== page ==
Publication Date

December 1, 2014

Perspectives Section


The 129th annual meeting will be held in New York City. This essay is excerpted from the supplement to the annual meeting program, which can be found online at

In August 1774, John Adams visited New York City and observed in his diary, “With all the opulence and splendor of this city, there is very little good breeding to be found.” New Yorkers, while respectful, simply were a tad uncouth. “At their entertainments there is no conversation that is agreeable; there is no modesty, no attention to one another,” the Bostonian sniffed. “They talk very loud, very fast, and altogether. If they ask you a question, before you can utter three words of your answer they will break out upon you again and talk away.”

Today’s New Yorkers should recognize something of themselves in these kindred spirits of the past. There is something arrogant and impatient in their DNA, a certain air of irreverence tempered by a pride in the city they call home. Indeed, in John Updike’s words, “The true New Yorker secretly believes that people living anywhere else have to be, in some sense, kidding.”

Not one to retreat from an argument, a native also will debate what exactly it means to be a “true” New Yorker. For the most part, the term applies to someone who was born and raised in one of the five boroughs, not somewhere else in New York state. Other “New Yorkers” who are merely transplants but have lived in the city long enough ultimately earn their bona fides not by knowing the names of little streets in the Village—“only NYU undergrads know such things”—but by knowing that the boutique at the corner was once a bodega that sold dime bags of pot from the stockroom in the back. (And they also know what the word “bodega” means.) Even though the metropolis is becoming less Manhattan-centric, if a New Yorker grabs a cab in an outer borough bound for midtown, he will say he is going to “the City”—never to “Manhattan.” And he will never, ever call it the Big Apple.

There are no hard-and-fast rules about what it takes to act like a New Yorker, but if annual meeting attendees want to give it a try, the following list might help.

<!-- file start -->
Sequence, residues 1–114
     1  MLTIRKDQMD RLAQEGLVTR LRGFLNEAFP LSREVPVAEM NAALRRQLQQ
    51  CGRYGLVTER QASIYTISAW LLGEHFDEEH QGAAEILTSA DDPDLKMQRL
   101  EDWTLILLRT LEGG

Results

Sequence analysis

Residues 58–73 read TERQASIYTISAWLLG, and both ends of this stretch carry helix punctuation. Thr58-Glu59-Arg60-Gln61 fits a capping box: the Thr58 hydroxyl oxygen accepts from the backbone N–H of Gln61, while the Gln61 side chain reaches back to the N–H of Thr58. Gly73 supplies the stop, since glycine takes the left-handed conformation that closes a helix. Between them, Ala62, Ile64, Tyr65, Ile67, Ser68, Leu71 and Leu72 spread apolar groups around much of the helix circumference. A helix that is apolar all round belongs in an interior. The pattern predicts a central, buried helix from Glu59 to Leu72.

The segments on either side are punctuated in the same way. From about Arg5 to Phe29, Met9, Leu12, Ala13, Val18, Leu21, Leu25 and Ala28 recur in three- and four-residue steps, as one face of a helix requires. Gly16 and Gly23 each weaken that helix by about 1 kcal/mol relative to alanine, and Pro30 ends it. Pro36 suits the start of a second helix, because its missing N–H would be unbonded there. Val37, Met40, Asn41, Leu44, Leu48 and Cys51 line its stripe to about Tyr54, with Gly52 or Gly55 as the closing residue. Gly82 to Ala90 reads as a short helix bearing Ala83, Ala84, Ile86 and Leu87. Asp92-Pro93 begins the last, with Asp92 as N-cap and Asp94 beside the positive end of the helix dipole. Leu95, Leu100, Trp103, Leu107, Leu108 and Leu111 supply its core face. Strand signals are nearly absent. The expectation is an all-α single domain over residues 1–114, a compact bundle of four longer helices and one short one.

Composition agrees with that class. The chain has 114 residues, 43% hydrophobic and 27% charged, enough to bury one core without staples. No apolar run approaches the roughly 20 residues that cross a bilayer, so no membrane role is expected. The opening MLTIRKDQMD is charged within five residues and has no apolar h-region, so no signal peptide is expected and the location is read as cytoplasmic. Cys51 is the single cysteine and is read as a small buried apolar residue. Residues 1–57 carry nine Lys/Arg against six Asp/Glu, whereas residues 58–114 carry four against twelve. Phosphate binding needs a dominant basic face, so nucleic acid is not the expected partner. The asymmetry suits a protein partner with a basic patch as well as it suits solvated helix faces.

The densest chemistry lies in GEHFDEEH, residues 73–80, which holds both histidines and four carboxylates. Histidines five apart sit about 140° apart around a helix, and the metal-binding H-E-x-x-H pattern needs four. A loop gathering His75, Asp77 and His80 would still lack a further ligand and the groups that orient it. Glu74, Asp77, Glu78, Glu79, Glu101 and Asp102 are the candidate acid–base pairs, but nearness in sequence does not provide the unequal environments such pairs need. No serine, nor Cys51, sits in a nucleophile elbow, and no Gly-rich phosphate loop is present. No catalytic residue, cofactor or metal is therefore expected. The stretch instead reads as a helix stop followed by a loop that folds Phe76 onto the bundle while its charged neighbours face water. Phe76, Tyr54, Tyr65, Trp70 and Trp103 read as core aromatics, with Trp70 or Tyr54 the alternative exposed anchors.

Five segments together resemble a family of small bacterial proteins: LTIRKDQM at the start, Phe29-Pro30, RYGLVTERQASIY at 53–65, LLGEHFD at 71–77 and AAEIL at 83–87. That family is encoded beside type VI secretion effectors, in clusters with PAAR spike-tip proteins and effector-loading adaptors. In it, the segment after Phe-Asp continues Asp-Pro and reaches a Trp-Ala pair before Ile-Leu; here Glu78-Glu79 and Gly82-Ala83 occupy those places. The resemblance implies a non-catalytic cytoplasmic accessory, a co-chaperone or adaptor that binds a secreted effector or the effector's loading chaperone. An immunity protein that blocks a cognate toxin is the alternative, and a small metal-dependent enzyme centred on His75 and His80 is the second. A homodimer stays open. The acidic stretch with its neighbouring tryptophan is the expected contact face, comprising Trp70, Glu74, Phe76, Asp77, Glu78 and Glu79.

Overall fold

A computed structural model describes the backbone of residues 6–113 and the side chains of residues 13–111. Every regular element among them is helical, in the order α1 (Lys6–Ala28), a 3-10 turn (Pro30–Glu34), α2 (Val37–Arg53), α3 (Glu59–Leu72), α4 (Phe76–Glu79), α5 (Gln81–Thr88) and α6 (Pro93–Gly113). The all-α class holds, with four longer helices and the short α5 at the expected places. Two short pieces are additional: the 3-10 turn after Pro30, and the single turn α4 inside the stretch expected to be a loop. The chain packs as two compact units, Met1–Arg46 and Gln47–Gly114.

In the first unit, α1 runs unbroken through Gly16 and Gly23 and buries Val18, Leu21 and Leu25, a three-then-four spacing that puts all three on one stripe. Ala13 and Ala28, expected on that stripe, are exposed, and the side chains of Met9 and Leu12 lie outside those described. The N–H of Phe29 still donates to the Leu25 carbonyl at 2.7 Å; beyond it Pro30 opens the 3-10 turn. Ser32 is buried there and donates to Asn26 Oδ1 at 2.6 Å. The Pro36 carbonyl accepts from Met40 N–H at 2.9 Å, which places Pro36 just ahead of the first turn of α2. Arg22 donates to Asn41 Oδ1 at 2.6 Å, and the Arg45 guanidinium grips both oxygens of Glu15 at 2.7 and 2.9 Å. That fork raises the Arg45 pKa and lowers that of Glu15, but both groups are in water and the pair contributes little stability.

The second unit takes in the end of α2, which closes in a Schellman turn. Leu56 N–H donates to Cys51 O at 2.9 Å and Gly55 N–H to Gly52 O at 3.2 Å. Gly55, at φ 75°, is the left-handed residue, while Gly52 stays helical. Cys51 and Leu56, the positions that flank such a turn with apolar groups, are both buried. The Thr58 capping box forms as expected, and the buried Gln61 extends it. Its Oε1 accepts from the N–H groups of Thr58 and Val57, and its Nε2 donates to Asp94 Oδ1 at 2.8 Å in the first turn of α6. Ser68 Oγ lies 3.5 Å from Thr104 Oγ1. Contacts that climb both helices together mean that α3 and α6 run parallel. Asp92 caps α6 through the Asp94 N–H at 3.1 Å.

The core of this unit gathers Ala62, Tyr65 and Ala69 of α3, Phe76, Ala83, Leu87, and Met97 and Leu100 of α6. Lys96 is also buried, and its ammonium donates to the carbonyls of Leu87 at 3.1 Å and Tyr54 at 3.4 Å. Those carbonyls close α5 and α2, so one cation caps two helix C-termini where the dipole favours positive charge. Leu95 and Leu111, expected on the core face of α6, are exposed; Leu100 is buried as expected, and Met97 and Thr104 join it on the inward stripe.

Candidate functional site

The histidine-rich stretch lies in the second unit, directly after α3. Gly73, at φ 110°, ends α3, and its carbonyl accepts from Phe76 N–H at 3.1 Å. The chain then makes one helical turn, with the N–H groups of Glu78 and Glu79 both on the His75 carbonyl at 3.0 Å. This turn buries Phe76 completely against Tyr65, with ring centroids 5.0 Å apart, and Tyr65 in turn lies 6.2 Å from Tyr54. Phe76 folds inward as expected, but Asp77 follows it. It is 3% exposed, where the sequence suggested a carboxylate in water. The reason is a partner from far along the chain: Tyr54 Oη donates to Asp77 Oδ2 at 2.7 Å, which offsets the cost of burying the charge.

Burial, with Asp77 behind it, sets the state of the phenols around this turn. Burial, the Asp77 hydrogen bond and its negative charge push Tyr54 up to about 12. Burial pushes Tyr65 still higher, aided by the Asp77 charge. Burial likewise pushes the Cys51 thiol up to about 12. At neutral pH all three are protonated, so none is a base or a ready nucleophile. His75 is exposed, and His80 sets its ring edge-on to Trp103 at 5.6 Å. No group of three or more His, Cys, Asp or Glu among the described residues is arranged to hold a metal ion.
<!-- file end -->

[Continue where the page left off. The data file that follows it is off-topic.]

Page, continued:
Aleks Ivik, CC BY-NC-ND 2.0,

Downtown Manhattan

  1. Walk fast, with your head straight ahead or down. New Yorkers are always in a hurry, and they can get testy with those who get in their way. One is advised to “steer” on foot as one does behind the wheel of a car, staying to the right; everyone knows the left is the “passing” lane. (That goes for subway escalators as well.) Don’t look lost, even when you are, and if you happen to need to pull out a map or check your phone, do not halt foot traffic by stopping suddenly to consult it in the middle of a crowded street. For the same reason, do not slow down to look up at buildings or walk more than two abreast.
  2. Don’t gawk or make eye contact. New Yorkers assume the attitude of having seen it all, perhaps because they have. Thus, they never gawk—at people having a fight, at crazy people, at strangely dressed people, at celebrities. To a New Yorker, that would be rude, not to mention unnecessary.
  3. When crossing the street, don’t obediently wait on the curb for the light to change. Safely step off the curb and watch for the light directing crossing car traffic to change from yellow to red, then immediately begin to navigate the intersection before the white light begins to flash for pedestrians. (But if you are pushing a stroller, it is probably better not to step off the curb, unless you really do want your child to play in traffic.)
  4. Just raise your hand to hail a cab. No phoning ahead, no walking to designated intersections or taxi lines. But do not mindlessly flail at a yellow cab that doesn’t have its “taxi” light illuminated: if the light is not on, that means it’s not free. The exception is that off-duty taxis sometimes do stop for you, but don’t count on it. Avoid taking “gypsy cabs” at all costs, “cost” being the operative word, unless you’re in an area of the city where this is what the natives do. Drivers of these black cars will offer you a ride for a negotiated fee; if it seems reasonable and there are no other transportation alternatives, go for it, but proceed at your own risk. The new green(ish) cabs, licensed by the Taxi and Limousine Commission, can pick up fares in northern Manhattan and the outer boroughs and take you anywhere, but cannot pick up below the Manhattan boundaries. Tips are de rigueur; 20 percent is becoming the norm. Always exit curbside to avoid getting hit by oncoming cars. And these days, watch for cyclists when you open the taxi door.
  5. Avenue of the Americas? If you’re staying at the Hilton, don’t direct a cab driver to 1335 Avenue of the Americas, even if that’s the address; it’s at “53rd and Sixth.” A New Yorker will know what you mean, and will never call Sixth Avenue the Avenue of the Americas. The rule of thumb is to describe an address by its cross street and avenue, in that order.